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03 Mar 2021

World Wildlife Day: Sustaining People and Planet

Jake Self

What is it?

In an attempt create world-wide awareness of wild animals and plants, the United Nations General Assembly (UNGA) announced that 3 March would become World Wildlife Day, the most important day dedicated to wildlife. (Prior to 2013 when this announcement was made, the day was known as “the day of signature of the Convention on International Trade in Endangered Species of Wild Fauna and Flora, or CITES). 

This year, World Wildlife Day is being celebrated under the heading of “Forests and Livelihoods: Celebrating People and Planet” as a way to draw focus to forestry ecosystems and the important role these specific environments, and the animal species that inhabit them, play in supporting hundreds of millions of people in their local communities across the globe. Specifically, the indigenous people living in these areas who have strong historical ties to forested environments. This also aligns with the UN’s Sustainable Development Goals which focus on “alleviating poverty, ensuring sustainable use of resources, and on conserving life land.” 

Between 200 and 350 million people rely heavily on forested areas and the ecosystem services that they provide. Indigenous communities play a vital role in managing these land masses, with roughly 28% of the world’s surface being managed by these communities, including some of the world’s densest forest.  

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These forestry ecosystems are under threat, now more than ever with impacts from climate change, biodiversity loss and the pressing threat of the Covid 19 pandemic on the communities that live in, and maintain these areas. Today, World Wildlife Day seeks to promote and celebrate wildlife management models and forestry-based livelihoods, highlighting the focus of traditional practices and wealth of knowledge that contributes towards further establishing a long term, sustainable relationship with these ever more important environments. 

How Can You Get Involved?

All over the world, from celebrities to politicians, there are ongoing efforts to highlight the importance of World Wildlife Day. You can watch the celebration today on social media through the WWD Film Showcase that can be found on the Twitter, Facebook and Instagram accounts of the World Wildlife Day. Hashtags such as #ForestPeoplePlanet; #WorldWildlifeDay and #WWD2021 are being used in social posts to draw users attention and promote the sharing of content. Schools are doing Zoom projects, and companies and action groups are launching new campaigns that are specific to local issues, or species that reside in and around the local areas. Universities are holding virtual panels and awareness exhibitions, some of which are collaborating with local zoos, natural parks and wildlife sanctuaries. There is also the option to donate to local conservation causes as well and if money can’t be spared the #DoOneThingToday initiative is a way everyone can get involved.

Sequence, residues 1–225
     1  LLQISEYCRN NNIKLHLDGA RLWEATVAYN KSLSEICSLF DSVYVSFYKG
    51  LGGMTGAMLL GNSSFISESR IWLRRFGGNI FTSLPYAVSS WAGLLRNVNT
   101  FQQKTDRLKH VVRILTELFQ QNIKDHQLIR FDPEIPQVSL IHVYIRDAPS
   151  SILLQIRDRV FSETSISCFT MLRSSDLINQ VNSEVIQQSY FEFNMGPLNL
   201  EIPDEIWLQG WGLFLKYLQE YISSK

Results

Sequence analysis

What We Are Doing...

At ROAR B2B we take the environment and its conservation extremely seriously and we are doing our bit. Every year we hold the Recycling and Waste Management Expo (RWM), a national trade show that seeks to promote the latest technologies and solutions that seeks to disseminate the most innovative practices across the environmental waste sector. 

In 2019, as part of RWM, ROAR launched an initiative alongside Forest Carbon that seeks to offset the unavoidable CO2 that makes trade shows if this scale possible, as well as directly supporting U.K. woodland creation efforts. Each exhibitor that signs up to RWM is assigned a tree in their name for Forest Carbon to plant on our own patch of land in the UK’s Lake District. Since 2019 we have planted 1100 trees covering just under two acres, and this year we are aiming to add to that in a big way.  

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For the World Wildlife Day to truly have an impact, companies, organisations and individuals around the globe need to jump on board in our journey towards sustainability and do their part to help.  

Return to RWM News 

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